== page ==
• 10ml balsamic vinegar was 4g added sugar

A total of 29g of sugar or 7 teaspoons of sugar, which is 1 teaspoon a day.

So during my imperfect no added sugar challenge, I reduced my sugar intake by 31 teaspoons, which is still a great effort.

Before I move on to my experience of eating without added sugar during the challenge, you can see from my usual foods that the sweetened yoghurt is a significant source of sugar, as are the chocolate and ice-cream. And I will talk about my plans post challenge in regards to added sugars.


#1 I didn’t miss my usual added sugars.

#2 I ate the remaining ½ cup of sweetened yoghurt on day 1 and happily returned to my regular, no added sugar variety.

#3 I found that I enjoyed the spicy flavour of my chai without the added honey, so I will continue with this.

#4 I will also keep eating my oats soaked in cinnamon and turmeric with added fruit in place of the toasted muesli, not so much because of the added sugar but because I enjoyed the soaked oats more!

#5 I have swapped to no added sugar varieties of oat and soy milk, and this will be easy to continue with. I usually drink 2 litres of plant milk a week, so this is a positive change to reduce added sugar.

#6 I will return to balsamic vinegars that have less added sugar once I finish my current bottle.

#7 For the occasional foods—chili sauce and soy sauce—I will continue to have these to add variety to my meals. However, during the challenge, I covered my baked tofu with turmeric and cumin powder instead of soy sauce and it offers a tasty alternative.

#8 I didn’t miss the chocolate or ice-cream during the week of the challenge, so I am happy to continue replacing my ice-cream with either yoghurt or chia pudding.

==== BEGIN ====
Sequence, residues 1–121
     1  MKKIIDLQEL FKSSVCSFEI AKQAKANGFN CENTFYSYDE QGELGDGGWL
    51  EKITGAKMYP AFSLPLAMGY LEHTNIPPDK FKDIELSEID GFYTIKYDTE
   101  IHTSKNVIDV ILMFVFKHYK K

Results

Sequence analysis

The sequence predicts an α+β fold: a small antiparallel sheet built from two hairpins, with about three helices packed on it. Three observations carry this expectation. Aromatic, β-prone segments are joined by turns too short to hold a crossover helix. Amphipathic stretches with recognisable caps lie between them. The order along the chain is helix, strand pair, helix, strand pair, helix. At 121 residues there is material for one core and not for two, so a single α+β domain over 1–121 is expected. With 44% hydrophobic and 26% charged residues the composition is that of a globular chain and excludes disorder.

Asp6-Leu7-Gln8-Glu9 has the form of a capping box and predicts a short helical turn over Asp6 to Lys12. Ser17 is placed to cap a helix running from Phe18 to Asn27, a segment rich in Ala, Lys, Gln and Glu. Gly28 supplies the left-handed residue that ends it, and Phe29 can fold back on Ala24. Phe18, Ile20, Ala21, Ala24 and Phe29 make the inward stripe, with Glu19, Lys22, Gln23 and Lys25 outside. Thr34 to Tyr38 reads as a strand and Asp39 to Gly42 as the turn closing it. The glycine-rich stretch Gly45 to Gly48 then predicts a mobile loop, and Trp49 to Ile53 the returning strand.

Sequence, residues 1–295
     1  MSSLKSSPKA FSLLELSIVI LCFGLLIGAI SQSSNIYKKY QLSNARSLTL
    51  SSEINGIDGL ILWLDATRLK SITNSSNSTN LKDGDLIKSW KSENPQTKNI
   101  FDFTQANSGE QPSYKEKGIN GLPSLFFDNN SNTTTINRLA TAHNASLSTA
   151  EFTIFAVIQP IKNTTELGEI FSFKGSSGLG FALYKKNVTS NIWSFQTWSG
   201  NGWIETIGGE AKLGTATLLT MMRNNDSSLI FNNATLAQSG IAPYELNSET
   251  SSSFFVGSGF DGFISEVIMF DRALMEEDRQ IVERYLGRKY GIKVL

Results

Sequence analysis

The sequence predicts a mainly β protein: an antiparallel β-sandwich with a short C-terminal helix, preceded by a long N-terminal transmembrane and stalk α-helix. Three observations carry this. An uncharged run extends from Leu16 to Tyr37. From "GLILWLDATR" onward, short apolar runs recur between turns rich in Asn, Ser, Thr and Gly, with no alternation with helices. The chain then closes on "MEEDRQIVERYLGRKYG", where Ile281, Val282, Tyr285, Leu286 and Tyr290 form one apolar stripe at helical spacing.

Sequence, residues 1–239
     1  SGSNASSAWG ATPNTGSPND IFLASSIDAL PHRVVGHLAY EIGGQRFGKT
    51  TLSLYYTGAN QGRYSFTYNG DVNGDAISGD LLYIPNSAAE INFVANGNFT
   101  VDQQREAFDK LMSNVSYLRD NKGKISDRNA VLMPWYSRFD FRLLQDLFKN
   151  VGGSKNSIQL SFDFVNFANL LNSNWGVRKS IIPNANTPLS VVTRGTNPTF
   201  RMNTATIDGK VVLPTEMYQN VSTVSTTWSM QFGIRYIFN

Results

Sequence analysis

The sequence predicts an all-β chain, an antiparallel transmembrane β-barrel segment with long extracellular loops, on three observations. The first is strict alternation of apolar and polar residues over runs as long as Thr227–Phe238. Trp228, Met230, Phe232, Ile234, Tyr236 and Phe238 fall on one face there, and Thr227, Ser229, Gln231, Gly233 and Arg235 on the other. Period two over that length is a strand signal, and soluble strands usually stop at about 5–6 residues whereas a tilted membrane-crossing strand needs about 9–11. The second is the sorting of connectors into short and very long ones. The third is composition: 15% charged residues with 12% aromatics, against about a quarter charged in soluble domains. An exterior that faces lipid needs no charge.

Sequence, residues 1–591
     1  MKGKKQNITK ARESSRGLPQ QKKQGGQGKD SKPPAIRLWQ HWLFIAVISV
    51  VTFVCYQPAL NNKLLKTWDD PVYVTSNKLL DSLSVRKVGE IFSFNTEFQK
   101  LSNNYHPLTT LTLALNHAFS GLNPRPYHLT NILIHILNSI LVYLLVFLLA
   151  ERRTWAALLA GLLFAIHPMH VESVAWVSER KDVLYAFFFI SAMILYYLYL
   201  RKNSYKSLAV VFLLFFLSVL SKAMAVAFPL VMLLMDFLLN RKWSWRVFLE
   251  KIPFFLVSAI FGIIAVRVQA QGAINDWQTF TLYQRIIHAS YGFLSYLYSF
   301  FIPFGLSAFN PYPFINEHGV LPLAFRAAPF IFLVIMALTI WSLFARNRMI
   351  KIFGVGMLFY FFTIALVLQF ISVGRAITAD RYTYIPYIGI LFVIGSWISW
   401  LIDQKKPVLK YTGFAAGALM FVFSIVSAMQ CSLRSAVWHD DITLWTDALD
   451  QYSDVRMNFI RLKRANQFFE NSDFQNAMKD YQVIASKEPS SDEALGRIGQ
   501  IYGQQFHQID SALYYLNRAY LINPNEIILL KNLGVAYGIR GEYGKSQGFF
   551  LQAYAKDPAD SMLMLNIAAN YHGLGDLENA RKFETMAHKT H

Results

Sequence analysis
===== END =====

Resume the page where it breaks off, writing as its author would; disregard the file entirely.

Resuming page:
#9 I will mindfully eat chocolate when I feel like eating it!

I will mindfully eat chocolate when I feel like eating it!


  1. Label reading remains an essential part of mindful eating, especially if you have diabetes or are wanting to reduce sugar cravings.
  2. Going without added sugar for a week or for an extended period reminds you, “I am sweet enough.”
  3. If there is a no added sugar alternative that you enjoy, then eat that instead, like my yoghurt and plant milks.


  1. If the very thought of giving up sugar sends you into a panic due to sugar cravings or years of on and off dieting, then I do not complete this challenge; instead, book in for a free 15-minute call with me to unpack your drive to eat sugary foods.
  2. If you are aware that you have an emotional reliance on sugary foods, then this type of challenge is not for you. Understanding your reliance on these foods is the first step, and if you would like my help in identifying this and letting go of it for good, then book in for a free 15-minute call.

In a 15-minute Mindful Eating Discovery call, we unpack your main eating habit or food craving. If I can help you, I will provide a personalised tip to confidently move on from your eating habit.